Maj Gen C P Singh, Retd
India took a balanced stance at the UN Security Council on 31 January 2022, when the Ukraine Crisis discussion was put to vote. India abstained from voting in UNSC demonstrating neutral position. That reflects India’s predicament in the current East European standoff. Today, the world is becoming a global village. The conflicts no longer remain localized between two neighbouring nations but have the potential to spin out of control. It’s aptly said-“ It’s easier to start a war but difficult to stop it.”
In 2014, Russia got away with annexation of Crimea. That has bolstered Russia to again try a bigger game plan in Ukraine. Even though, Russia has denied any intention to attack its ex-Soviet neighbour. But if Moscow again takes military action against Ukraine, it will significantly complicate India’s foreign policy narrative. A worsening Russia-Ukraine conflict would also bring India-US and India-Europe contradictions on Russia to the fore. India has been balancing it’s equation with US and Russia quite well but a conflict between two of its allies is likely to hit India adversely. Whosoever wins, India loses a friend.
Russia and Ukraine share a centuries-old political, cultural and linguistic history, and there are innumerable familial links, too. Before the USSR broke apart, Ukraine was second only to Russia politically, economically and culturally. Russians tend to view the Ukrainian capital of Kyiv as the birthplace of their own nation, with many of their famous thinkers and authors hailing from that region. Ukraine was an industrial hub and there was a lot of migration within the USSR. Hence, even now, millions of Russians have family members living in Ukraine, and vice-versa. It’s somewhat similar to Indo-Pak relationship.
Genesis of present crisis has a historical angle with relevance to present. During the Cold War, the Soviet Union was the dominant power in the Black Sea area. However, after the collapse of the USSR, the dominance of erstwhile USSR slowly faded with most of its former Soviet states slowly inching closer and closer to the West. Russia claims itself to be the political heir and successor of the USSR. Russia has not liked it’s erstwhile USSR States moving towards NATO and thereby bringing the adversary to the doorsteps of Russia. It would always prefer a neutral Eastern Europe neighbour as a buffer state but geopolitics provides strange combos. In 2014, Russia flexed its muscles and seized Crimea, an important port region in Ukraine. It got away with it albeit with a little noise. Unable to defend Crimea , Ukraine turned to NATO for help against Russian aggression and they were more than willing to help. Russian aggression on its border with Ukraine has again triggered one of the greatest security crisis in Europe since the end of Cold War.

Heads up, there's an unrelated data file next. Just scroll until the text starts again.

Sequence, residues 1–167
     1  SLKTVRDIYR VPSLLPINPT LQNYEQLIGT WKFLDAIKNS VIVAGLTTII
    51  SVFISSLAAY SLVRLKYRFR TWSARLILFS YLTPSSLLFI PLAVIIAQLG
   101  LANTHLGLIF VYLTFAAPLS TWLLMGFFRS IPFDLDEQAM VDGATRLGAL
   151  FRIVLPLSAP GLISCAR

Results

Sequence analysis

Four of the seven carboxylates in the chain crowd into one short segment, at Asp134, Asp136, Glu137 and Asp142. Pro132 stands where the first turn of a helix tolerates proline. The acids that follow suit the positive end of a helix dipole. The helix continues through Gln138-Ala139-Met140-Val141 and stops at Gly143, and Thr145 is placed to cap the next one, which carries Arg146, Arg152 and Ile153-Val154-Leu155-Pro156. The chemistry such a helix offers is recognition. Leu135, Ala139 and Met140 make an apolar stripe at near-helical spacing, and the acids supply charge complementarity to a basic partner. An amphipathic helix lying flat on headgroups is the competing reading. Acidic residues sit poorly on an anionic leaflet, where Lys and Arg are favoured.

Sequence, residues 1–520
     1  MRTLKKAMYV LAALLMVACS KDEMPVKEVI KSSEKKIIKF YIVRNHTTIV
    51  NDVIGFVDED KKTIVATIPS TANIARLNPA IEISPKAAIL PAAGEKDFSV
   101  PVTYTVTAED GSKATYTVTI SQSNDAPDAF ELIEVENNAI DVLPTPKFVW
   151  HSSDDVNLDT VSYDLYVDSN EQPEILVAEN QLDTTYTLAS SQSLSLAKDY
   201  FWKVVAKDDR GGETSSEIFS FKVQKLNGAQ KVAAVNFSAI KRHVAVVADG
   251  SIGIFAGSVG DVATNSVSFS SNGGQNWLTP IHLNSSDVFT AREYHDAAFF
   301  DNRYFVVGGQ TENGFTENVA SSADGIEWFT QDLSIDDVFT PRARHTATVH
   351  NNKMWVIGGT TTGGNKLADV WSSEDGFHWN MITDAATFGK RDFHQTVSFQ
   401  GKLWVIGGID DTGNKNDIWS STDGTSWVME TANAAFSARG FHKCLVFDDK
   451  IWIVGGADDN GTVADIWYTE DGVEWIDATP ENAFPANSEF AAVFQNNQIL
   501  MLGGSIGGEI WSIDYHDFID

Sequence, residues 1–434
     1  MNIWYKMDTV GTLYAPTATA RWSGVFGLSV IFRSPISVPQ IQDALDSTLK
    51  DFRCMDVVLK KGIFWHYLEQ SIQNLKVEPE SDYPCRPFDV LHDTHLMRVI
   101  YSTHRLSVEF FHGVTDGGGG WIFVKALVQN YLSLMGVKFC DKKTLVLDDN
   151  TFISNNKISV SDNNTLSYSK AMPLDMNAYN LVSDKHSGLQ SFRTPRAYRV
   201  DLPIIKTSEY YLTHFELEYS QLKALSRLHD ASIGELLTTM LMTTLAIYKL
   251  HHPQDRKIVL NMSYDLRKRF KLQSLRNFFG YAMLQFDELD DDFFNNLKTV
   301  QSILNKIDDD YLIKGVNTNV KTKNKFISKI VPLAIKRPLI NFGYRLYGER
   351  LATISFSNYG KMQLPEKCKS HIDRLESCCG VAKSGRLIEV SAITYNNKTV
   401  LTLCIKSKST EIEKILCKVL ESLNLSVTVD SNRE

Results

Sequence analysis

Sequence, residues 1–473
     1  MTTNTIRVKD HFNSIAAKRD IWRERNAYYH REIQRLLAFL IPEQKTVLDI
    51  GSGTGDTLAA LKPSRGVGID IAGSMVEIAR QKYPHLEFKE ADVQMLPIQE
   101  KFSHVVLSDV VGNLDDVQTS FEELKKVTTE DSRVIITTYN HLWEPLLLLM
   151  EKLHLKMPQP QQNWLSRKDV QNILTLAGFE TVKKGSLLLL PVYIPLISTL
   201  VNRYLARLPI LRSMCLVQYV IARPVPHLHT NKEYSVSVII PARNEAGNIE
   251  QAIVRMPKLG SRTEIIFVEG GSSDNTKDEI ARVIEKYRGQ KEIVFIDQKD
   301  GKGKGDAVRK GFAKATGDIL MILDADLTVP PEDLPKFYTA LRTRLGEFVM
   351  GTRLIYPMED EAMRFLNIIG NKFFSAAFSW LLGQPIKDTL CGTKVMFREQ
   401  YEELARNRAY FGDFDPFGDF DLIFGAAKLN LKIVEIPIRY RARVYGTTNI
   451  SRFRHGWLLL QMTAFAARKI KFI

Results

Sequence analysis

Justification for War
Russia and Ukraine conflict has been created by reasons ranging from culture and language to geopolitics and security concerns. Russia feels that Ukraine is their natural ally due to friendly past and cultural ties. Therefore, Russia doesn’t like Ukraine to be leaning towards NATO.
Ukrainians, like an estranged relative, feel their sovereignty is threatened by Russia’s claims of a shared identity. The popular sentiment is that Russia is using emotional appeal to justify its geopolitical ambitions. While the languages and cultures do share similarities, they feel that Moscow is trying to misappropriate the heritage of Ukraine. They have not forgiven Russia for annexation of Crimea by force. Present generation dislikes Russia and now they have found an ally in NATO.
The US, EU and key members of the NATO, view Ukraine as a buffer between Russia and the western world. Obviously, they are keen to keep it out of Moscow’s influence. They fear that if Moscow gets the upper hand in Ukraine, it will expand its hold over the rest of Eastern Europe and get closer to the western side of the continent.
Emerging World Order
US won the Cold War and has taken its rightful place in the world, whereas the post-Soviet Russia has been essentially unsuccessful to integrate itself as a regional power in the Washington-led post-war liberal international order. The existing NATO members are keen on making inroads into East Europe and Ukraine is falling into the trap. Russia has strongly opposed this, interpreting it as a ploy by the western powers to challenge Russian influence in its own backyard. In order to show it’s angst, Russia seized and annexed Ukraine’s southern Crimean peninsula. Another Russian invasion of C would severely dent any near-term prospect of a rapprochement between the West and Russia.